The Recurve-billed Bushbird (Clytoctantes alixii) is a Thamnophilid Antbird that inhabits dense stands of secondary vegetation at the northern end of the Andes in Colombia and Venezuela. It is named for its extraordinary bill, which curves upwards. Until recently, the bird was almost unknown in life: apart from earlier specimens it had been seen only once at an army ant swarm in Colombia in 1965 (1,2). A significant effort in Colombia failed to find the bird. However, in April 2004 the species was found in Venezuela in the foothills of Sierra de Perijá close to the border with Colombia (3, 4), during a Conservation International-financed Rapid Assessment (RAP) expedition consisting of ornithologists Miguel Lentino, Jorge Perez-Eman, Irving Carreño and Chris Sharpe working under the auspices of the Venezuela Audubon Society and the Phelps Ornithological Collection The first photographs were taken of a pair of birds. Four months later the first sound recordings were made and behavioral notes taken by British ornithologist Chris Sharpe.
Working in parallel, Colombian ornithology student Oscar Laverde refound Bushbirds in Norte de Santander, Colombia in July 2005. The birds were subsequently studied in detail by Laverde, F. Gary Stiles and ornithology students of the Natural Sciences Institute of the National University of Colombia. Their findings are published in issue No. 5 of Ornitología Colombiana (5).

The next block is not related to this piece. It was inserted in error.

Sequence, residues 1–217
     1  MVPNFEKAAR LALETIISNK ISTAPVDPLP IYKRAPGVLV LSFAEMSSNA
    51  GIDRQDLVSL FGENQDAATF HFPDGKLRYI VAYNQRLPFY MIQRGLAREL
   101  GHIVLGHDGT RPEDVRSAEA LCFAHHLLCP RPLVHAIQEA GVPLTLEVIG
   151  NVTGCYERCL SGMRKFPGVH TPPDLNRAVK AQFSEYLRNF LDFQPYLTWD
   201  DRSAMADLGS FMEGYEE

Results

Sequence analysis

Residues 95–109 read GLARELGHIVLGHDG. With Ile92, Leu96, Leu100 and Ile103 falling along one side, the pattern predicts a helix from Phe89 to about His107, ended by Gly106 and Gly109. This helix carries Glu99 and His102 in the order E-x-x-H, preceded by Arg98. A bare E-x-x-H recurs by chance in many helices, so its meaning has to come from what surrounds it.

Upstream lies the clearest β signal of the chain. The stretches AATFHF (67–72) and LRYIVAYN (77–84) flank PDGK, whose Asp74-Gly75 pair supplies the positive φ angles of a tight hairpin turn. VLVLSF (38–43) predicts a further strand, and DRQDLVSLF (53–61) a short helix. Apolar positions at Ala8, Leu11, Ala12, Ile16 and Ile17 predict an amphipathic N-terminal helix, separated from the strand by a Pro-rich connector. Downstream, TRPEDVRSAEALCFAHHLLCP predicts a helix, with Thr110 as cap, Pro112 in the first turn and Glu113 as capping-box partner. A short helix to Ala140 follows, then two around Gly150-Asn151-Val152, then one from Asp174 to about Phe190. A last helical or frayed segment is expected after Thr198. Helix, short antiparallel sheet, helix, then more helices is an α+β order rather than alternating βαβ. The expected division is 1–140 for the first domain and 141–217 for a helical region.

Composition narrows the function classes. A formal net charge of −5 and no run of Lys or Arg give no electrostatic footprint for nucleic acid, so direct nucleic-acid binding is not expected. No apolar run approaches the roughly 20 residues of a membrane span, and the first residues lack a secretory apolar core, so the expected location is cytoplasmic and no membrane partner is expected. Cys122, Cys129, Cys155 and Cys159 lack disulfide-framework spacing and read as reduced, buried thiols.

The Bushbird is 16.5 cm (6.5 inches) long and unmistakable. The male is slate gray, the female rufescent brown (6). It inhabits well-developed secondary growth at 150-1750 m. It is insectivorous and a bamboo specialist (4, 5).
The outlook for the Bushbird in the foothills of Sierra de Perijá in Venezuela seems positive, and certainly much better than scientists had guessed before 2004. The bird appears to be not uncommon in regenerating swidden ("slash-and-burn") plots. A significant area of extremely important, uninhabited primary forest is being rapidly invaded in the foothills of this range where the forest is being felled to plant short-term cash crops. There appears to be little attempt to control or regulate illegal deforestation there by the Venezuelan government and local political support for the invasion. Despite the long-term consequences for the survival of the forest and its species, in the short term this may lead to creation of further Bushbird habitat.
The Bushbird should now be looked for in suitable area elsewhere (2, 4). Sierra de Perijá is one of the top conservation priorities for birds in Venezuela, not just for this species but for several other threatened birds (7)